Knocking about on Knockan Crag

Ever had the wind knocked out of your sails when you were least expecting it. Being in the natural environment is where I often feel happiest. I can’t really explain it. I guess it means different things for different people. Some will get a spiritual or religious vibe.

For me its more of a grounding. I know who I am  and what my path is on this planet. Especially when I visit places where the rocks are thousands of millions of years old. I love it, it puts everything into some kind of perspective. It also makes me get on and enjoy the coming days and weeks.

So here I was happily being at one with nature when that wind I spoke of got taken from my sails. To the irritation of my family I will talk to almost anybody. This is what I do, my mother was like it, aunties too. Often just a hello, good morning or wave of a hand.

People are lovely and not always but sometimes I’ll try and strike up a conversation with strangers. Now of course it doesn’t always work and there are people out there who would have you think that humans were dreadful. My only tip when you meet one, be polite and move on. In my experience two don’t normally come in succession.

What actually happened wasn’t anything really. I just wasn’t expecting negativity in that place, at that moment. The sign told us that the rock we were standing on used to be 75km below the earths surface level. Slowly over million of years it moved up at the speed a thumbnail grows until, hey presto! it was Knockan Crag.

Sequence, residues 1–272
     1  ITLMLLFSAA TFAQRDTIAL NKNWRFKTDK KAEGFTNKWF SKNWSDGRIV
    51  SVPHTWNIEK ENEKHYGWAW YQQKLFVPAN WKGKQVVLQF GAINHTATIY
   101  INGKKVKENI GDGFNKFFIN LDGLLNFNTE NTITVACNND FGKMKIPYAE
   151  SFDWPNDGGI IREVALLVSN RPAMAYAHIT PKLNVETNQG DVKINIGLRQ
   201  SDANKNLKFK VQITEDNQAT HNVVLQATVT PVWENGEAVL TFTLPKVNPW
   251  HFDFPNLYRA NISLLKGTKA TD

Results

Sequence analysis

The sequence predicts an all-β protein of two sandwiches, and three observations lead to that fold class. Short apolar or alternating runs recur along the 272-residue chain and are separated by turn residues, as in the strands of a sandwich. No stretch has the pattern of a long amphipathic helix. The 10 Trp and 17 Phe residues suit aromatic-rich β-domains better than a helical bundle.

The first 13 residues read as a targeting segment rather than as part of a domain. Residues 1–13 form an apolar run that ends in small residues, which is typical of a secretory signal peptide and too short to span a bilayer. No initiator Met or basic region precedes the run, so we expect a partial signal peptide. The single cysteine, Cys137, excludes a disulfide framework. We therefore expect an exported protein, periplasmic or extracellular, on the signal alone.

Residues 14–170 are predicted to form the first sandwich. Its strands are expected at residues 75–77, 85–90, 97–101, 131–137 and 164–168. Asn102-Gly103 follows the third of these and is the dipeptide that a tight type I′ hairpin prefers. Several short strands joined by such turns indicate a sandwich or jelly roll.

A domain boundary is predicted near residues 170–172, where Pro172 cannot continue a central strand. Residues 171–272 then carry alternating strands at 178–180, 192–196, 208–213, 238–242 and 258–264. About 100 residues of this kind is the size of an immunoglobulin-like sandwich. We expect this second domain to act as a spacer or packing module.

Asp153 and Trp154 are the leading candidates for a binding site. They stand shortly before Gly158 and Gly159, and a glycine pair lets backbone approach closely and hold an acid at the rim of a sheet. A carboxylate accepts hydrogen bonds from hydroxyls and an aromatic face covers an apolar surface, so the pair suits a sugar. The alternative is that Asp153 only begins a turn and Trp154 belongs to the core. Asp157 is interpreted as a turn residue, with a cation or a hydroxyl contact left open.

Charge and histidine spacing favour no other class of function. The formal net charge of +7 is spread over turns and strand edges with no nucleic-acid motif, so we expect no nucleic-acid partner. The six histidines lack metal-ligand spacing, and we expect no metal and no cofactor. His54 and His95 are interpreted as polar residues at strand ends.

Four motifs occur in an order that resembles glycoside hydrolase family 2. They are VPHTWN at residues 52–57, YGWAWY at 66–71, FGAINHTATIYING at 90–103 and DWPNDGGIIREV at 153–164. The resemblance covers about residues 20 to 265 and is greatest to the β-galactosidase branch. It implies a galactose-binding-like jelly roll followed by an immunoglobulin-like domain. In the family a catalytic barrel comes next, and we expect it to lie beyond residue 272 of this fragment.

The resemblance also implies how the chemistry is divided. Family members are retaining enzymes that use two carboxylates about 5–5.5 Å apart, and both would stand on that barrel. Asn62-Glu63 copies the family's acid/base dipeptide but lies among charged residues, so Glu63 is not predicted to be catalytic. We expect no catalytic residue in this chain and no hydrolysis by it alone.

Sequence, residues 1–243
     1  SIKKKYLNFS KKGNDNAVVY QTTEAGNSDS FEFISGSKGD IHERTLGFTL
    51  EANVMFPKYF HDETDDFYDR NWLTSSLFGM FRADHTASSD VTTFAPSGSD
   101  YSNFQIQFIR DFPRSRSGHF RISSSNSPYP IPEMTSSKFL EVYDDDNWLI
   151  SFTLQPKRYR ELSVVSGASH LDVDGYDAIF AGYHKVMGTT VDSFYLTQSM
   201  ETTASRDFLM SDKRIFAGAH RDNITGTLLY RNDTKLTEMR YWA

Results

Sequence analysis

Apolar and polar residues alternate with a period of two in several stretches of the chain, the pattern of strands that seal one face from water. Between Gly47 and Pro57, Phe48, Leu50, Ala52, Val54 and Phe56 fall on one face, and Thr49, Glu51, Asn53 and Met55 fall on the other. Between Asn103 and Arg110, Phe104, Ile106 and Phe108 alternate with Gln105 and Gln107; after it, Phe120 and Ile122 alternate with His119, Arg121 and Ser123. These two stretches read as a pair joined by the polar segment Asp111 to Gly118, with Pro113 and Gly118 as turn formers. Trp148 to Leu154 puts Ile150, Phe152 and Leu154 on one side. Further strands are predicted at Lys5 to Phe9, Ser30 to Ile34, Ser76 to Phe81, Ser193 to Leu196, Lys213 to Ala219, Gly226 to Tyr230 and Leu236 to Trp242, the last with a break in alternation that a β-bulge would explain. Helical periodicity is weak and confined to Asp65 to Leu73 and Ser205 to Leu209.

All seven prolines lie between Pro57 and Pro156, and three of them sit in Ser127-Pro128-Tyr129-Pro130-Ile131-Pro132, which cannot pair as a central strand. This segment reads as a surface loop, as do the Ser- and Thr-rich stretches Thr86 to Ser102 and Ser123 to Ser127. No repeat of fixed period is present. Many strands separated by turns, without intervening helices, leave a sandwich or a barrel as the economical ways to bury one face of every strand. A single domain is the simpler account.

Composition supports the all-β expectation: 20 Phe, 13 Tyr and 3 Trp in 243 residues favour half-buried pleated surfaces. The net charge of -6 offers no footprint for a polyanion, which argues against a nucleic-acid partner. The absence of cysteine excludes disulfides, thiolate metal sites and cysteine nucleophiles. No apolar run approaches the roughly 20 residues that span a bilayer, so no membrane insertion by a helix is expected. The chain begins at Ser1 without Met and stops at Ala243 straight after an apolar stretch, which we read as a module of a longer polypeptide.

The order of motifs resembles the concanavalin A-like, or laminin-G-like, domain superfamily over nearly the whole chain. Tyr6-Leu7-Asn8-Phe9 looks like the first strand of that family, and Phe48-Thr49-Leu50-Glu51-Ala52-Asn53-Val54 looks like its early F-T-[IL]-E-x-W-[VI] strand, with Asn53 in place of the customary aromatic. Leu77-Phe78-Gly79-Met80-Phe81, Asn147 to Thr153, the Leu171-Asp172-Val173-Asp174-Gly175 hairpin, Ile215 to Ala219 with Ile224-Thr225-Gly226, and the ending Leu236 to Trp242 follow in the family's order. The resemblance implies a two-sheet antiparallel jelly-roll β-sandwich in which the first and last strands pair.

My son and I were marveling at this, trying to get out heads around around this brand new fact in our arsenal of interesting information when some fellow tourists wandered by. I wanted to share my new found knowledge. The guy seemed a bit grumpy as if he thought it was a load of old tosh.

“How do they know, it seems a bit unlikely, people have to justify their university education somehow.” Wind out out of sails moment. Trust me to strike up a conversation with the only flat earth, climate denying, brexiteer on the hill. Oh well my own fault. My sons look to me said just that.

Maybe I’m being unkind to the passer by, he’s probably none of those things. I sometimes forget that hugging trees and being at one with rocks isn’t everyone’s thing, right? My inner voice said be polite and move on and apply the next rule. I did and heading back to the car the very next people we bumped into were lovely and just as interested to be spending time in this amazing place as we were.

‘Knockan Crag is a National Nature Reserve in the North West Highlands Geopark in Scotland. The low cliff was the site of much scientific research in the nineteenth century. It is the site of a feature known as the Moine Thrust where two continents collided millions of years ago’.




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